SPRINGFIELD, Ill. (AP) - Illinois has awarded contracts for computer upgrades intended to screen out people prohibited from carrying concealed weapons under the state's new gun legislation.
The Springfield Journal-Register reports on two contracts totaling more than $350,000. The Illinois State Police is contracting with a division of Levi, Ray & Shoup of Springfield to automate the entry of names into the National Instant Criminal Background Check System.
The Department of Human Services is contracting with Levi, Ray & Shoup for help dealing with the new law's mental health reporting requirements.
The law gives the Illinois six months to create an application system and another three months to approve applications.
Earlier this month, Illinois became the last state in the nation to make it legal for people to carry concealed weapons in public.
A possible serial bank robber may be targeting banks inside area grocery stores.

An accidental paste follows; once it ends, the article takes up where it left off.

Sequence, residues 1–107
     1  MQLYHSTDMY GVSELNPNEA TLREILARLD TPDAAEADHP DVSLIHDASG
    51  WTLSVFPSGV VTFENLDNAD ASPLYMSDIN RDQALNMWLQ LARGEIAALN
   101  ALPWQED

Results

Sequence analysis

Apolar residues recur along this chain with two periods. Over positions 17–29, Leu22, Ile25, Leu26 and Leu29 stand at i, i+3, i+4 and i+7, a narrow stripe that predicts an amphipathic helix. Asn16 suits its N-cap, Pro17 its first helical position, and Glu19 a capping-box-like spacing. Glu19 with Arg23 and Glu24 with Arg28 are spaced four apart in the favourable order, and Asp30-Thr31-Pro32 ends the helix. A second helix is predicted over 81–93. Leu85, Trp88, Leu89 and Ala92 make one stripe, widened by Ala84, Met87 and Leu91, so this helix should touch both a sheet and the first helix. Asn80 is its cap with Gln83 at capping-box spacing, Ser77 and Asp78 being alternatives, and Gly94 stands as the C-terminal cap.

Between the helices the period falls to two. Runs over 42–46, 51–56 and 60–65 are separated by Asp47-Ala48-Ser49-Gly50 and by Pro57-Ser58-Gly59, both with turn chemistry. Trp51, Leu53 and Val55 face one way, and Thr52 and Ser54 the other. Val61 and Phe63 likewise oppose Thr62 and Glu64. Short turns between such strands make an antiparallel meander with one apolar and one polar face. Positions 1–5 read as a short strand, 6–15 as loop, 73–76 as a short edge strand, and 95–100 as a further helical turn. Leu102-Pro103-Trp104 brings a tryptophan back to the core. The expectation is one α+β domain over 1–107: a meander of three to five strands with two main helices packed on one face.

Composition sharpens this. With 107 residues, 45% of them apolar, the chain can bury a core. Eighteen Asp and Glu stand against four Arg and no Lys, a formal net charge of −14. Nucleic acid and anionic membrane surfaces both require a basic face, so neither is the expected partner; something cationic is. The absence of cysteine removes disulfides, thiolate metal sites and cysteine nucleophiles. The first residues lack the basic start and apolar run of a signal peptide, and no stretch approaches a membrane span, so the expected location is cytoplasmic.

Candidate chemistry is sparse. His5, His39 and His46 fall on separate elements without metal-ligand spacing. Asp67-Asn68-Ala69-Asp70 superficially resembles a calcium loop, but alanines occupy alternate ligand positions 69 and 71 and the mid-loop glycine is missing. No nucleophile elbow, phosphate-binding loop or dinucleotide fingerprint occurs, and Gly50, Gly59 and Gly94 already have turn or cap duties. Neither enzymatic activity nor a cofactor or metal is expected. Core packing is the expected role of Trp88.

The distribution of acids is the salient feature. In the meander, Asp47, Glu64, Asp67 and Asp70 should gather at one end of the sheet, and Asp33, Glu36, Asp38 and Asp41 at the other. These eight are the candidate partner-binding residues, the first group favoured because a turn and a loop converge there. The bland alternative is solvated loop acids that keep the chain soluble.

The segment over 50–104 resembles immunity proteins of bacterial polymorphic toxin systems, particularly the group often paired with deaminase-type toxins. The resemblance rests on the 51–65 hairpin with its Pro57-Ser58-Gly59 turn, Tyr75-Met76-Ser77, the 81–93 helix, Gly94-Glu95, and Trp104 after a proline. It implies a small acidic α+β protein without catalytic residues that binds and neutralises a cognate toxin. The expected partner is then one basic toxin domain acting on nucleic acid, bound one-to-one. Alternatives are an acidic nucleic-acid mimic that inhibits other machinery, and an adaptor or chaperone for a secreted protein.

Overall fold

Richmond Heights Police say a man held up the US Bank inside the Schnucks Store on Clayton Road about 6:30 Tuesday evening. Police said the suspect showed the teller a threatening note demanding money and walked out of the store with an unknown amount of cash.
The suspect is described as a white man, 5'6" to 6' with a thin build.
Police believe the man may also be responsible for robbing the First Bank inside a Brentwood Dierberg's on Saturday.
Some Crestwood residents say city leaders are dragging their feet on a plan to redevelop the shuttered Crestwood Plaza. Dozens of people marched from the old mall to City Hall Tuesday to express their concern.
Developer Centrum Properties wants to turn the site into an entertainment center with a movie theater, bowling alley, restaurants and retail stores. But their plan calls for $22 million in taxpayer subsidies -- a figure Crestwood Mayor Jeff Schlink says he and many aldermen are not "comfortable" with.
"If we're going to grant and issue those tax breaks for them," Schlink said, "they're going to have to be done on terms that we feel are reasonable for the city."
Centrum officials say if they can't work things out, they may have to sell the land one parcel at a time.